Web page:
My first ever post in this series was more or less my manifesto. Coming from a Pentecostal/Charismatic background I’ve seen the movement’s brilliance but also its shortcomings, which I have personally experienced and been harmed by. I am not willing to throw out the baby with the bath water but the movement does need a reformation. On my part I do not hold any pretensions that I can save Pentecostalism but I do want to recover for myself a biblical vision of a charismatic faith. I’ve made quite a lot of progress pursuing some tough questions even though many still remain.
I just finished reading The Prophetic Imagination by pre-eminent Old Testament scholar Walter Brueggemann which in a sense brings me full circle back to my original manifesto. Prophetism is a key facet of the global Pentecostal/Charismatic Movement (CM.) In my own context it has unparalleled prominence and controversy. I, for a long time, was deeply embedded in it yet I left it deeply dissatisfied with what I saw, finding very little relationship with the local expressions of the prophetic I was used to and what I found in the scriptures. Reading The Prophetic Imagination I learnt a lot but the real strength of the book is the sweeping vision of the biblical prophetic tradition it presents. It presented an opportunity for me to deeply reflect on scripture as a whole and through those reflections I am convinced that the Ghanaian expression of the prophetic is different from the Bible. Before I read Brueggemann I already thought things didn’t line up at all, but going through it I realised the dissonance could not be more marked and profound. I would even go so far as to say, and say confidently, that contemporary Ghanaian prophetism has no continuity with the biblical prophetic tradition.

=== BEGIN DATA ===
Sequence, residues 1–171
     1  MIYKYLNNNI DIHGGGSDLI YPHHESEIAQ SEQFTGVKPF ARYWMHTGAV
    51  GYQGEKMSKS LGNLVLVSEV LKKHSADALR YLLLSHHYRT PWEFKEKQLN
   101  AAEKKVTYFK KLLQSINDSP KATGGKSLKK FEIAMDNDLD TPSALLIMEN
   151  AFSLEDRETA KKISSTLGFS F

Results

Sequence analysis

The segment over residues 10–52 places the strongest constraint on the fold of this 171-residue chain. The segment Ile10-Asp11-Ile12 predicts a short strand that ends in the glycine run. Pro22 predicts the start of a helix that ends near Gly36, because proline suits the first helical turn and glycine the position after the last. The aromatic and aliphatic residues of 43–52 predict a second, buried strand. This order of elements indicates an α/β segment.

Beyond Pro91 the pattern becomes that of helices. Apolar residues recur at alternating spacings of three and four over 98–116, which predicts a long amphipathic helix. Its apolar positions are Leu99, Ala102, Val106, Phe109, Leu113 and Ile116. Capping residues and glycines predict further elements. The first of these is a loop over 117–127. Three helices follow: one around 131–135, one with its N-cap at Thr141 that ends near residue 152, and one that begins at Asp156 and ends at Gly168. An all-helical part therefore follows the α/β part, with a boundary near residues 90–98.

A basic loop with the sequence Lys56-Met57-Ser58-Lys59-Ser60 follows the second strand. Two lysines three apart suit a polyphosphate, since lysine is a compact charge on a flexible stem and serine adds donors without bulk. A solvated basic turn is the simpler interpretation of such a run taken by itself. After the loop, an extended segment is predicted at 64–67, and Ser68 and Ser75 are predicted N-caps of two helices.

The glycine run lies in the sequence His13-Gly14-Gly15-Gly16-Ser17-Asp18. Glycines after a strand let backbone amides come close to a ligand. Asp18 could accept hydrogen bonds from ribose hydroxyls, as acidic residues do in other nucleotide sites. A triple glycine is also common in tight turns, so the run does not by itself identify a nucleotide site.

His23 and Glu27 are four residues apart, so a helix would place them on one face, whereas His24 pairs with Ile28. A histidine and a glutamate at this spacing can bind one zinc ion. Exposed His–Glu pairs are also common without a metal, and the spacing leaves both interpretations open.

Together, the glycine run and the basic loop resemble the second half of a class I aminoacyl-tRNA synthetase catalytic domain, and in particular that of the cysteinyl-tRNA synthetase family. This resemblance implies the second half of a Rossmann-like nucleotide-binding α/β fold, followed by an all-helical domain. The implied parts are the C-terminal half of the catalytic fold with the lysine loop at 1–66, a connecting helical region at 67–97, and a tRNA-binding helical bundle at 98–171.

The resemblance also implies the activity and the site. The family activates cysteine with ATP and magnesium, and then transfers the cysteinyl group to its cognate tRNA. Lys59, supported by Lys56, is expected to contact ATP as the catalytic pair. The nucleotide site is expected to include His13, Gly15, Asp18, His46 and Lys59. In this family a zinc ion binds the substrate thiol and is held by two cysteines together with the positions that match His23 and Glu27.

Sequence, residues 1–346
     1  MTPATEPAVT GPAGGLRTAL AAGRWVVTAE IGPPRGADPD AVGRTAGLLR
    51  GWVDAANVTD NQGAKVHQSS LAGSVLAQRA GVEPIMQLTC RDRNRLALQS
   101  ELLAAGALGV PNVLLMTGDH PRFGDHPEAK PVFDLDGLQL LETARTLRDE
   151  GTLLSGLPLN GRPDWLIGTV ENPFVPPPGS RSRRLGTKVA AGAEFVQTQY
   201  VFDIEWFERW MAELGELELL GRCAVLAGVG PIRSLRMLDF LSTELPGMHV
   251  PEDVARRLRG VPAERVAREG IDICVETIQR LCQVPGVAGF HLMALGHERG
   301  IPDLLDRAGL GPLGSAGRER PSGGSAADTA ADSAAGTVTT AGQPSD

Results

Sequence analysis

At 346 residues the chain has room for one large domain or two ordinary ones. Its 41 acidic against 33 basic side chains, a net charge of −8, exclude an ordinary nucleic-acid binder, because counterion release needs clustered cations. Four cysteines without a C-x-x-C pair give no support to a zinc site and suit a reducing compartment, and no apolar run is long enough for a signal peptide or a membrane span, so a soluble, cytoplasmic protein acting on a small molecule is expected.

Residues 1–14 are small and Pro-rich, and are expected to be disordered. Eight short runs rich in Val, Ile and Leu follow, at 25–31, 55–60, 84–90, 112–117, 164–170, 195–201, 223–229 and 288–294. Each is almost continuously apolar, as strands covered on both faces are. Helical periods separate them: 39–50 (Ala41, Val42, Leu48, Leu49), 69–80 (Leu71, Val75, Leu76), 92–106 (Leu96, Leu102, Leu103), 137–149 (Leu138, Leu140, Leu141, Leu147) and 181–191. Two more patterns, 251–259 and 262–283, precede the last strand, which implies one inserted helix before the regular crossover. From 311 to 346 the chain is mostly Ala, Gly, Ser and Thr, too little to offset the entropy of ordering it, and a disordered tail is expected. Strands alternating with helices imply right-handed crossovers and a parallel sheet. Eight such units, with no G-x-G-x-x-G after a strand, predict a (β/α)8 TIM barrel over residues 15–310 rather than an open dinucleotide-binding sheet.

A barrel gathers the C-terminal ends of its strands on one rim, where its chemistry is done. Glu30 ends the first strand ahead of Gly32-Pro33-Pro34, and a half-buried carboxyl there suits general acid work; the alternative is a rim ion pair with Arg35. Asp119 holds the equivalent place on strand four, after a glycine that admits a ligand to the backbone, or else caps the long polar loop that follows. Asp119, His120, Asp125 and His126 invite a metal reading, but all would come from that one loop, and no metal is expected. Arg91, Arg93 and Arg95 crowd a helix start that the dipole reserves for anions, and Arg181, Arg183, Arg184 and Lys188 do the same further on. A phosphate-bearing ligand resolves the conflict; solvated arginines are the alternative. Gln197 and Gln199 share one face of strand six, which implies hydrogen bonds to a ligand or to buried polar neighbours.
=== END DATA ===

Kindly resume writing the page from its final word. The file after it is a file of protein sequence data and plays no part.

In conversation with close friends I say it regularly but I do not think I have said it on this platform before, at least not as poignantly: Ghanaian prophets closely resemble local shamans and fetish priests and are not like the biblical prophets. Even the sincere ones who do not wish to manipulate or defraud people fall into the same camp as those who have an essentially pagan worldview. No, I am not a cessationist, not even a soft one, and I do believe there are probably genuine prophets and prophetic voices out there in the Ghanaian church. The trouble is I do not see them and therefore I am going off only what I have seen. In a way you do expect the genuine voices not to encamp before the camera and entertain the masses with all their spiritualised theatrics. I cannot presume to say what God is or is not doing in the present especially when he promised on Pentecost that the Spirit will be poured out on flesh. However, this false vision of the prophetic needs to be dismantled and a new biblical vision raised. In future posts I hope to grapple with current prophetic crisis and perhaps point forward to a better way.